News and Opinion from Sisters, Oregon

Hardship, Blessings & Service in a Sisters life

Over the decades, Naomi Rowe has known hardship and many blessings.

Growing up in Central Oregon, her family sometimes struggled. In 1952, when Rowe was 14, her family moved to Sisters.

“There were times I couldn’t participate in school activities because the money wasn’t there,” she recalled. “When we had basketball games at Sisters High School, we had a trampoline and a bunch of us performed during halftime. But I couldn’t join the Glee Club because we didn’t have the money.”

With 10 children in her family, her father — who Rowe says could do anything he put his hands to — worked hard to provide for his family. Just like people today, sometimes even having two hardworking, dedicated parents wasn’t enough to put food on the table.

Rowe’s father had to grow up fast. When he was 12, he ran away from home and hopped a freight.

“He went his own way from there on out,” she explained. “He met my mom in 1937. They dated for three months and got married. He changed jobs a lot.”

Traveling through Bend on their way to another job, their truck got a flat tire.

“While he was fixing the flat, he took a liking to the people and the pine trees,” said Rowe with a chuckle.

Her father worked on a farm, then got on a crew with the mill in Bend.

“Dad’s crew came out to Sisters on the old railroad and worked cutting trees. When that job gave out, he came to Sisters and applied for a job with the Forest Service. That lasted 10 months. Years later, he went back to work at the mill in Sisters as the night watchman. One winter, he froze his ears. When he got into his truck after his shift and it was too cold to start. He had to walk to my house when it was 40-below… that was around 1961.”

Rowe’s childhood experiences inspired her to help folks struggling with food insecurity. When her sister-in-law, Shirley Miller, asked her to be a Kiwanis Club member, she decided to give it a try. She joined in 2000 and has been working at the Kiwanis Food Bank ever since. Over the years, she’s become a valuable member of the Kiwanis team and a trusted advocate for the people she helps. She currently serves as Food Bank Manager.

In 1958, when Rowe was 17, she married Don Rowe. The young couple bought a house in Sisters on the corner of Spruce and Jefferson. They raised five children and are celebrating 63 years of marriage.

“When our youngest son was about 3, I got a job at The Gallery Restaurant as a baker. I worked there for 23 years. I retired from that and went to work at the bakery at Sentry Market in the old Ray’s store that’s now Bi-Mart.”

After her husband became acting fire chief, his salary allowed Rowe the option to quit working — at least for money. Her work with Kiwanis keeps her busy as the needs of the community grow.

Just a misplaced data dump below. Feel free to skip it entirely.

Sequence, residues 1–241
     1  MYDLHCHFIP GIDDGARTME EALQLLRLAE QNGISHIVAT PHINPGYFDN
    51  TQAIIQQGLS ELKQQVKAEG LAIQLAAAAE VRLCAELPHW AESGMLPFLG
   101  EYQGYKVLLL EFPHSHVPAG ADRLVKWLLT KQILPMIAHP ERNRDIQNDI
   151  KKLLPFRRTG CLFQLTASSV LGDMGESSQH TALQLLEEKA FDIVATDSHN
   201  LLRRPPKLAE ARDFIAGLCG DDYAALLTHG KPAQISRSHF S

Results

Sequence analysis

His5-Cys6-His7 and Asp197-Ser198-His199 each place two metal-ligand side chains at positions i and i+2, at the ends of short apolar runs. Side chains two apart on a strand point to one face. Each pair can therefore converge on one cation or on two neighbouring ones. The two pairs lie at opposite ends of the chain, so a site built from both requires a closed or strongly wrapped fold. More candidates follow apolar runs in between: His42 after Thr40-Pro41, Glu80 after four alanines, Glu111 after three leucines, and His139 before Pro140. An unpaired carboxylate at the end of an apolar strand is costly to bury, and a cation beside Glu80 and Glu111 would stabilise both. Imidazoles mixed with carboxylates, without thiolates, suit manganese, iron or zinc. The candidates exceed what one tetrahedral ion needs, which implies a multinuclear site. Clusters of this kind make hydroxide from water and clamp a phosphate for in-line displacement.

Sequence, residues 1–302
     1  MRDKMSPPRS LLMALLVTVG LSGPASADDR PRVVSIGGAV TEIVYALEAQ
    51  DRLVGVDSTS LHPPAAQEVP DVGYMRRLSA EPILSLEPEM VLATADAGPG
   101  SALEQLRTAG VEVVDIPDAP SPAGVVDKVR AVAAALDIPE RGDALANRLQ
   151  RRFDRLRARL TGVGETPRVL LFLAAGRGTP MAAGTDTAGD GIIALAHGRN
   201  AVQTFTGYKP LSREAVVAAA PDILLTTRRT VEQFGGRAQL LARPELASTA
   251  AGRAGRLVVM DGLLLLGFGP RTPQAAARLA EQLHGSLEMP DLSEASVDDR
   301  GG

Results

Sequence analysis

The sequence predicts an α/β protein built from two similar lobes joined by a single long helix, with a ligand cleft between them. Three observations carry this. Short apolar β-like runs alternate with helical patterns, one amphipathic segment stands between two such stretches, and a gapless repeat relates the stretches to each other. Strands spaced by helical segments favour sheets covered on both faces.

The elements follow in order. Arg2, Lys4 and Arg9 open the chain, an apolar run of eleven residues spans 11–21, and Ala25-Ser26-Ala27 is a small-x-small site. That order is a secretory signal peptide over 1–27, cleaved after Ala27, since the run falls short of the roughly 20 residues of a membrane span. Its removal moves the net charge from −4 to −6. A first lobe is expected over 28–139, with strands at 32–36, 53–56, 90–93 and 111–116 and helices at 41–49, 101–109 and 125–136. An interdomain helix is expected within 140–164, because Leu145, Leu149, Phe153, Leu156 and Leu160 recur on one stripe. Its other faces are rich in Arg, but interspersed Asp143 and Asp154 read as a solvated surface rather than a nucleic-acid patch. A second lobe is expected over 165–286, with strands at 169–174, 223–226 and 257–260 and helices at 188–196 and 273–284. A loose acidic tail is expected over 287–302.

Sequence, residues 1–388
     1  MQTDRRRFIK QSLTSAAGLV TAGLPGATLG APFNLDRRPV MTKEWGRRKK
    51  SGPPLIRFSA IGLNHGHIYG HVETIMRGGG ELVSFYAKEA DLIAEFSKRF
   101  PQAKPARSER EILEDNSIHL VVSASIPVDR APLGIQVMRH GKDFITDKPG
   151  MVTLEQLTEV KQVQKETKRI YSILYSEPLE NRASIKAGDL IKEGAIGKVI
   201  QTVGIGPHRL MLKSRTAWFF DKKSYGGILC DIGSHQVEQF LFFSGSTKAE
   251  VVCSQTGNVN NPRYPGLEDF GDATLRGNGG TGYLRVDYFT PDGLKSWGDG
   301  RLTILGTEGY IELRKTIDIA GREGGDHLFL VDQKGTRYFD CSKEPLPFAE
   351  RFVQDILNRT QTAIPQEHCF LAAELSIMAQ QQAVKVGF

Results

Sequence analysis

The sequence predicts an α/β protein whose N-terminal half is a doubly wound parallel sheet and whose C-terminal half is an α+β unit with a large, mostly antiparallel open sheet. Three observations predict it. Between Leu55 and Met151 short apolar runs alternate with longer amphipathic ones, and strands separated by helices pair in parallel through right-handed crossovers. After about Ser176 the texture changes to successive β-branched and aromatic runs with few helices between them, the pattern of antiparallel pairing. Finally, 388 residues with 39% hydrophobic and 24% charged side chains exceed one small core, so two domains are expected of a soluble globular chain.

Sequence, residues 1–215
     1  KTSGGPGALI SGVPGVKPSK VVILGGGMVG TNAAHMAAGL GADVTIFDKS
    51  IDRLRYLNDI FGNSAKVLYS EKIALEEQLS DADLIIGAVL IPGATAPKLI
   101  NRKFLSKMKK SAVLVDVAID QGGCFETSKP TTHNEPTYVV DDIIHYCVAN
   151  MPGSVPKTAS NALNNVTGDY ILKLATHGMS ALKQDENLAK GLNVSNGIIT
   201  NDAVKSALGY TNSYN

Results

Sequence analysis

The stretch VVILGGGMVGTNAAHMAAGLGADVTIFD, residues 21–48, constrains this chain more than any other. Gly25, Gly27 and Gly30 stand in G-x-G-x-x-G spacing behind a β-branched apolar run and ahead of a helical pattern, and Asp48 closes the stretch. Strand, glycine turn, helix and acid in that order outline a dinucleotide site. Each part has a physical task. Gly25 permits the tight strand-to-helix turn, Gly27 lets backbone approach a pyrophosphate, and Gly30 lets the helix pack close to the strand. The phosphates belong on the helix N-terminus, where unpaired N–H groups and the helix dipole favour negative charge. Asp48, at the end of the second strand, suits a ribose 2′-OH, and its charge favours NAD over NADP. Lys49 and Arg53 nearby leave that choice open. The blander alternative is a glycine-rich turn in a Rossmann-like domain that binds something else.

For the first three years, Rowe said the food bank had to move from place to place. Eventually, they bought an old house on Oak Street and Main Avenue.

“We didn’t have very much,” she said. “Just three or four cases of food each week. We were open two hours on Tuesday and Thursday. Then we started advertising and people started donating so we had something to give people. At one point, it was just me working and some of the people were kind of scary. So I asked to have someone else there with me. More people started volunteering and eventually we remodeled the garage to store more food. In 2013, we built a small warehouse and it’s full to the rafters with groceries.”

Rowe’s motto in life is simple: “Always be kind.”

She tells all the food bank volunteers to be nice to everyone.

“Don’t judge people, just be nice 100 percent of the time,” she said.

“I’ve had people come in and it really tears your heart. I had one guy who just stood with his face against the wall.

I asked him to come over and talk to me.

He came up and told me he was just so embarrassed to be there and that’s why he was facing the wall.

He couldn’t stand people seeing him there.

We got along just fine.

I got him calmed down and told him this is just like going to the grocery store.

You shop for yourself, take a basket and pick what you like.

I asked him to bring a list and we’ll see if we can get it for him the next week.

He doesn’t come in anymore so he probably moved away or doesn’t need us anymore.

There’s a lot of folks like that.”

Since COVID, Rowe says, volunteers bring the food out to clients.

People from all walks of life need the food bank for all kinds of reasons.

“We have people trying to live on Social Security, and families that can’t quite pay the bills and buy groceries,” Rowe said. “One person asked me if I’d be her grandma until she can see her own grandmother. I told her that I’d try and give her some advice whenever there’s an area I can help with.”

Pushing 80, Rowe says she probably won’t work at the food bank for much more than another year. She wants more time with her husband Don and their 12 grandchildren and 18 great-grandchildren. She’s also hoping they’ll be able to have a family reunion this summer.

Finding a replacement for Rowe won’t be easy.

“We’ll need to teach two people to do what I do,” she said with a laugh.


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